The Overlord

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I was thinking about how Demon Slayer is only getting a limited release, but then I remembered that it's not just because anime is niche, animated action films themselves have a long history of box office failure going all the way back to 1985's The Black Cauldron. The list is pretty immense, Batman: Mask of the Phantasm, Titan AE, Atlantis: The Lost Empire, Final Fantasy: The Spirits Within, Sinbad, Treasure Planet, Battle for Terra, Delgo and probably many more have been box office catastrophes. I've been pondering why this is so and how the few success stories succeeded. The first two Pokémon movies did okay, but diminishing returns made the fourth one onward limited releases. The first major success I can think of is The Incredibles, but I think the main reason it succeeded is because Pixar is such a beloved brand and they seemed to market it as a spoof of superhero movies, when it played itself a lot more straight and seriously than the advertisements implied. Emphasizing comedic elements of action animated movies seems like a common tactic as Kung Fu Panda was in a similar situation. Most of the catastrophic failures were ones that advertised themselves as serious action movies with little humor in them. I wonder if adding fart jokes in the trailers would have enticed people to see Battle for Terra.

It just seems like there's this expectation that animation has to be humorous to succeed and serious animation fails. I just noticed a Big Bang Theory rerun playing at the breakroom of my workplace and just realized that the show portrays action cartoons as nerd stuff only losers like, specific targets being Transformers, Thundercats, and Sailor Moon. Action cartoons seem to have this big nerd stigma for some reason and that's probably why they fail at the box office. Said niche for action cartoons is obviously met on television and streaming, where there have been lots of success stories over the decades, but you need a much wider audience to recoup a massive feature film budget. Is emphasizing comedy the only way to go? Of course, the elephant in the room are the twin successes of Into the Spider-Verse and Big Hero 6, but considering how big the superhero boom is, superhero titles seem to be the only ones primed to succeed, and even then the marketing made sure to emphasize the comedic stuff, like the cartoon pig Spider-Man, and deemphasize any dramatic scenes in the movies.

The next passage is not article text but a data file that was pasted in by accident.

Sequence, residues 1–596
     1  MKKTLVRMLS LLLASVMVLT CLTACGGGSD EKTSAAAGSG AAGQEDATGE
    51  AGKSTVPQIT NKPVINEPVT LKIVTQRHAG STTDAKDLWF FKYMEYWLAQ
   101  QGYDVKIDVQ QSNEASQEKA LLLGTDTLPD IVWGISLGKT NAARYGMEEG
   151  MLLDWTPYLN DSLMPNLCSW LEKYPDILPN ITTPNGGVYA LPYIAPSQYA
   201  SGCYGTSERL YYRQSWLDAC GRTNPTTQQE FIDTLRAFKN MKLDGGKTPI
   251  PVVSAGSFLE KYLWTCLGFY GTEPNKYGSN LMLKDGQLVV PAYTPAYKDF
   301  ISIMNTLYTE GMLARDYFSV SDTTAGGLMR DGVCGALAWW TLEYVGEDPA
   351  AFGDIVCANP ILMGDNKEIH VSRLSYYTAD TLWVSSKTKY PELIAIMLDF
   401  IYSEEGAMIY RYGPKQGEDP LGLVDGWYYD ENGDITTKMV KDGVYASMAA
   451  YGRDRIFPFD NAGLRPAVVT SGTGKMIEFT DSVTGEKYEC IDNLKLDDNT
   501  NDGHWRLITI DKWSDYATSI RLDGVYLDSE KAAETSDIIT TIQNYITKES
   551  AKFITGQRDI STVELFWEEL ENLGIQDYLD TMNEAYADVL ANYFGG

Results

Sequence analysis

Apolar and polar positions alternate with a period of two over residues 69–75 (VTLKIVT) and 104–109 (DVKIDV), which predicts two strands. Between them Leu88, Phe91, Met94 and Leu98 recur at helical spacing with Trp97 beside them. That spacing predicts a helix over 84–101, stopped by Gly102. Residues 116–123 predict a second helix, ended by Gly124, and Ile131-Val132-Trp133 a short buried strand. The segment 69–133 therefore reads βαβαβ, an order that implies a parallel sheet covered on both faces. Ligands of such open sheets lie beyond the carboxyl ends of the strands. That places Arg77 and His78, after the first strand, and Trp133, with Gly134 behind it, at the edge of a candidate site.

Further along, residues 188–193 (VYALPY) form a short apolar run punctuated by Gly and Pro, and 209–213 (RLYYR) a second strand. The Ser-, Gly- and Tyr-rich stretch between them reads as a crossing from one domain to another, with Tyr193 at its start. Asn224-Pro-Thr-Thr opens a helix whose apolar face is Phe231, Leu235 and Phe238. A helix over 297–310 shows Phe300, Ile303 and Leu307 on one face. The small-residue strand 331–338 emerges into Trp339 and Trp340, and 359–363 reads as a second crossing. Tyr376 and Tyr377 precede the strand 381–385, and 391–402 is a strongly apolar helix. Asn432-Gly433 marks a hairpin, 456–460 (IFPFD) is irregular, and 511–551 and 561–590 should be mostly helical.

Well superhero films outpace everything in terms of films period, you don't get the lower budget action films from the 80s and 90s.

What does Hunchback of Notre Dame count as? It has one comedic element in it and the rest is deadly series, it may more of a drama than action film, but it's comedic elements were minor.

Lion King had a few comedic elements, but the villains were played straight, Pocahontas has a lot of problems, but it dud try to play the drama straight.
 

pacman000

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I'd say most classic Disney films were melodramas, with music & comedy added to provide emotional variety.
 

The Overlord

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I'd say most classic Disney films were melodramas, with music & comedy added to provide emotional variety.

I think that is a good take, so would we count a melodrama as an action film or not?

Does an action film have to be just action?
 

powerjake

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It's like people in north america are just afraid of the idea of serious grim dark animated theatrical movies. What is wrong with variety?, Sad how those have no place in the market to even survive.
 

pacman000

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I think that is a good take, so would we count a melodrama as an action film or not?

Does an action film have to be just action?
Melodrama & action are separate things, tho a melodrama may contain an action scene or two, & an action-oriented story may have a melodramatic plot.

Examples of Melodramas with action scenes:

Gone with the Wind, The Burning of Atlanta
Ben-Hur, The Pirate Attack, The Chariot Race